SAN DIEGO -- The family of the late Junior Seau denies they "fully support" the Pro Football Hall of Fame's policy preventing family members from speaking at the induction ceremony on behalf of deceased players, refuting a statement posted on the organization's website.
Seau's daughter, Sydney, was listed as a presenter on her father's behalf in a Hall of Fame news release sent July 15. However, she will be commenting only via video when her late father enters the Hall of Fame on Aug. 8.
The Hall of Fame said in a statement that it is consistent with its policy concerning the induction of deceased players.
In a statement released by the family's attorney, Megan Donohue, the Seau family denied the notion that representatives of the Pro Football Hall of Fame had clearly told the San Diego native's family that they would not have an opportunity to speak at the ceremony.
"The Seau family appreciates the overwhelming support for Sydney Seau to be able to accept Junior's induction into the Hall of Fame live and in her own words," Donohue said. "Unfortunately, the Hall of Fame is unwilling to reverse its decision despite communicating to the family earlier this year that Sydney would be able to speak at the ceremony. Contrary to the most recent statement by the Hall of Fame, the family does not support the current policy that prevents family members from delivering live remarks on behalf of deceased inductees.
"However, the Seau family does not want this issue to become a distraction to Junior's accomplishments and legacy or those of the other inductees."
On Saturday, David Baker, president of the Pro Football Hall of Fame, posted a letter to fans on the Hall's website stating in part: "The Hall has been in positive communication with Sydney, her mother, and the executor of Junior's estate, who each have communicated to us that they understand and fully support the Hall's policy."
Representatives of the Pro Football Hall of Fame reportedly told Bette Hoffman, trustee of Seau's estate, and Junior Seau's ex-wife, Gina, the morning after this year's Super Bowl in Glendale, Arizona, what the procedure would be, including that there would be no speech for deceased players.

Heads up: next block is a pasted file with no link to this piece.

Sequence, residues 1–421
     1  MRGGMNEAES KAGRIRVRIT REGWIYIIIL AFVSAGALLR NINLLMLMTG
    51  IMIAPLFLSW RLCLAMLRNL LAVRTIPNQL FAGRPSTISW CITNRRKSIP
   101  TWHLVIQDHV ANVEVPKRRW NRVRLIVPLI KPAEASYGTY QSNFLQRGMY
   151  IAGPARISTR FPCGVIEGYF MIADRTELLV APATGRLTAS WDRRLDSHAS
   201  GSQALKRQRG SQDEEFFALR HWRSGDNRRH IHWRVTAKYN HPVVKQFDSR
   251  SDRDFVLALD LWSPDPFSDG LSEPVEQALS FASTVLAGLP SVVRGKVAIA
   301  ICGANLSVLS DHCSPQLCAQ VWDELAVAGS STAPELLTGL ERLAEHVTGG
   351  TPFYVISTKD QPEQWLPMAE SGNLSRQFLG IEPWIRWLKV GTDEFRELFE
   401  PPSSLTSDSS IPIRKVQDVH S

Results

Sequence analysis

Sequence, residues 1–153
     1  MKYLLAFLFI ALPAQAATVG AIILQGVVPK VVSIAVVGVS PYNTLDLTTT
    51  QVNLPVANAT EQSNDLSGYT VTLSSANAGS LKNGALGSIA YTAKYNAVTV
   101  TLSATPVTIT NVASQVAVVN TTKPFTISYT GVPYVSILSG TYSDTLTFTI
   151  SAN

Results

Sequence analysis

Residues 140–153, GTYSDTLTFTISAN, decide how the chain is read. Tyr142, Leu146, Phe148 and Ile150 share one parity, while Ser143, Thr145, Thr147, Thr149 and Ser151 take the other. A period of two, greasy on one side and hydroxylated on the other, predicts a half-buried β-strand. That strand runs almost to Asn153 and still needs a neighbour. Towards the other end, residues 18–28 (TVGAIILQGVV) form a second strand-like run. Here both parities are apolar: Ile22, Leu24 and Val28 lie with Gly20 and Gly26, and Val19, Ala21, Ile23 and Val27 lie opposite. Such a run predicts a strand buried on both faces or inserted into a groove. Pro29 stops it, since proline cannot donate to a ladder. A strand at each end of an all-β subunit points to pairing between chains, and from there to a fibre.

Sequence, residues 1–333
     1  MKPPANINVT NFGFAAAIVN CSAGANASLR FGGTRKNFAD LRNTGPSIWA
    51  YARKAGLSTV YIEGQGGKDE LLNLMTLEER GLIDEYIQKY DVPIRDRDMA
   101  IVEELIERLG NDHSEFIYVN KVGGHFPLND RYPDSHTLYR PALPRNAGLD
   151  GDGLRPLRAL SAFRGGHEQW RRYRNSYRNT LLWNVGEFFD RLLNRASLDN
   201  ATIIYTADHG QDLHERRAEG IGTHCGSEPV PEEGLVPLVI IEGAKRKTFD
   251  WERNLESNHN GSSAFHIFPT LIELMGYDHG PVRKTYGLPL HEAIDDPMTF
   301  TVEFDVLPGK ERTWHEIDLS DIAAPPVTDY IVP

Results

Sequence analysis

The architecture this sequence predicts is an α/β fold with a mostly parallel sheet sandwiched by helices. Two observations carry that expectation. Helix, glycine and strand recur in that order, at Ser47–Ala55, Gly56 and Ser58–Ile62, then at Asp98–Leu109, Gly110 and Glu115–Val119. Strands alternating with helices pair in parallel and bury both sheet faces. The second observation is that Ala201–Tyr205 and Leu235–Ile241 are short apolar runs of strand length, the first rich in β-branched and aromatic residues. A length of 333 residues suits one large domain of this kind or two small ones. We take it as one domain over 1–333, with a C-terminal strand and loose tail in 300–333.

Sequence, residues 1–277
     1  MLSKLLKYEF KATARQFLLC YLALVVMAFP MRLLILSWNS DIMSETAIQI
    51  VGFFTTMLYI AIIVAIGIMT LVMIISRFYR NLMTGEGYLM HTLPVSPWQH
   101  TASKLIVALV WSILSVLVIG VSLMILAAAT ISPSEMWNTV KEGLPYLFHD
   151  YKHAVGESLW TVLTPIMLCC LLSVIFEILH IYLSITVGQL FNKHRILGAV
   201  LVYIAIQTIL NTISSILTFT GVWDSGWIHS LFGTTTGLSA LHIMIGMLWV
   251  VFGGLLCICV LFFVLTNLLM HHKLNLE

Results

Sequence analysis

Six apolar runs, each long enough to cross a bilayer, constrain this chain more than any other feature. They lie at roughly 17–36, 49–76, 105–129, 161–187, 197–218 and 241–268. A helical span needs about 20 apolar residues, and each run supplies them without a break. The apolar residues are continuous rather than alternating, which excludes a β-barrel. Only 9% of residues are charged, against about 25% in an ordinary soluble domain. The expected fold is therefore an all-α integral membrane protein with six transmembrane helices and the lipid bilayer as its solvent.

"The policy of the Pro Football Hall of Fame since 2010 regarding individuals enshrined posthumously provides for an expanded presenting video (longer than the videos of living inductees) followed by the traditional unveiling of the bronzed bust and no additional comments made from the podium," the Hall of Fame said in a statement Friday. "This policy is not precedent setting and was implemented for the first time in 2011 when former Los Angeles Rams great Les Richter was inducted posthumously."
In the case of the Seaus, the policy fosters heightened sensitivity because of Seau's suicide in 2012 at age 43. After his death, he was diagnosed to have had chronic traumatic encephalopathy, or CTE, a neurodegenerative disease that has been found in the brains of dozens of deceased NFL players due to repeated head trauma.
"It's frustrating because the induction is for my father and for the other players, but then to not be able to speak, it's painful," Sydney Seau told The New York Times, which earlier reported the story Friday. "I just want to give the speech he would have given. It wasn't going to be about this mess. My speech was solely about him."
The video presentation will last about five minutes, longer than the usual videos by about two minutes, the Hall said. And Sydney Seau will make remarks in that video.
Seau's family filed a wrongful death lawsuit against the NFL in 2013 alleging that the league concealed the dangers of football-related head trauma over a period of several years.
"The Seau family never intended to use the Hall of Fame as a platform to discuss the serious mental-health issues facing the NFL today which are most appropriately addressed in a legal forum," Donohue said. "The Seau family looks forward to celebrating Junior's extraordinary accomplishments at the Hall of Fame."